St Kilda heritage management plan set out
A new management plan for the remote St Kilda archipelago is to be signed by a charity, public bodies and the Ministry of Defence (MoD).
National Trust for Scotland (NTS) said the document set out a vision for the islands for the next 20 to 30 years.
St Kilda, which lies 41 miles (66km) west of the Western Isles, is the UK's only natural and cultural Unesco World Heritage Site.
The MoD has a radar station on the main island of Hirta.
It tracks missiles fired on a range in the Western Isles.
Comhairle nan Eilean Siar, the local authority for the Western Isles, Historic Scotland and Scottish Natural Heritage will also sign up to the plan.
St Kilda does not have any permanent residents.
NTS staff and volunteers, MoD contractors and scientists can spend several months at a time on Hirta.
The largest island in the archipelago, Hirta was occupied until 1930 when the last islanders left after they asked to be evacuated because their way of life was no longer sustainable.
Unusual facts about St Kilda
- St Kilda field mice can grow up to twice the size of their mainland cousins
- The islands are also home to the St Kilda wren
- A dandelion discovered on the islands may have originated in Iceland and was carried to Hirta by birds, or the Vikings
- Glasgow publisher BlackHearted Press's vampire comic book tale School of the Damned (above) opens on St Kilda during the 1930 evacuation
Last year, evidence of a permanent settlement was uncovered on another, smaller island.
Previously it was thought Boreray was only visited by islanders to hunt seabirds and gather wool from sheep.
St Kilda was bequeathed to NTS in 1957 and given World Heritage status in 1986.
In 2004, the designation was extended to include the surrounding marine environment and, in 2005, recognition was also given to St Kilda's unique cultural landscape.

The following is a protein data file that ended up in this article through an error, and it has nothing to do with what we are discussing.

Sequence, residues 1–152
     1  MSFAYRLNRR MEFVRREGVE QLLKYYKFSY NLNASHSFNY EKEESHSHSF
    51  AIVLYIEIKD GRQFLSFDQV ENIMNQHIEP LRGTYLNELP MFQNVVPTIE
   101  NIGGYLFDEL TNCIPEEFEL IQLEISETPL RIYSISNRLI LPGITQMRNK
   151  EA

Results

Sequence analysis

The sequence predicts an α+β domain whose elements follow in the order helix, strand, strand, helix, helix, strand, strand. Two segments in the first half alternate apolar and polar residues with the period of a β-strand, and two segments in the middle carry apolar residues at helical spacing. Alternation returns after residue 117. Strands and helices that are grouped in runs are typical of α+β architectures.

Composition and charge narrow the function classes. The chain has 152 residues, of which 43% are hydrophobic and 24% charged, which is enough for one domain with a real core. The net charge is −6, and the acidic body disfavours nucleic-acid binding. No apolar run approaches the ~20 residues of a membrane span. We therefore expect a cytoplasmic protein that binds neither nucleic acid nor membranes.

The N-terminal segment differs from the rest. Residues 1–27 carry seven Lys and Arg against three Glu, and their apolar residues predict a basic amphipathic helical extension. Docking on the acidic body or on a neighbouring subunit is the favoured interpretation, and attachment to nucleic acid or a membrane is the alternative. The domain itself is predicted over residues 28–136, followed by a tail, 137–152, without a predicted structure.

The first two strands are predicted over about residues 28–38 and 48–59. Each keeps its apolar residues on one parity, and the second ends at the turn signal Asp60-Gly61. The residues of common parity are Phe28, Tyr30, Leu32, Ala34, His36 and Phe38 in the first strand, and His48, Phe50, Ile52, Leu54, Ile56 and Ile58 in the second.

NTS chief executive Kate Mavor said the new plan offered protection to the islands' wildlife and historical remains.
She said: "These beautiful and beguiling islands provide habitats for a range of important species, including one of the smallest mammals, the St Kilda Mouse.
"Protecting the seas around the archipelago is equally important for a rich variety of marine life, which by contrast includes the largest of mammals, such as killer whales and dolphins, as well as supporting colonies containing almost 5% of all the seabirds in Europe.
"Lichens and flowering plants, some unique, such as the recently discovered Pankhurt's dandelion, exist at the absolute limits of tolerance and support feral Soay sheep, living relics of domestic livestock from the Iron Age.
"It is for these reasons that St Kilda is not only treasured by Scotland but by the world and we have a supreme obligation to conserve and protect it for all."
Speaking for the MoD, Sean Quinn said the government department was re-affirming its commitment to work productively with NTS and others.
He added: "As well as helping to protect a World Heritage Site, this close co-operation will assist us in ensuring the ongoing delivery of vital test, evaluation and training services for the Armed Forces at the MoD Hebrides Range."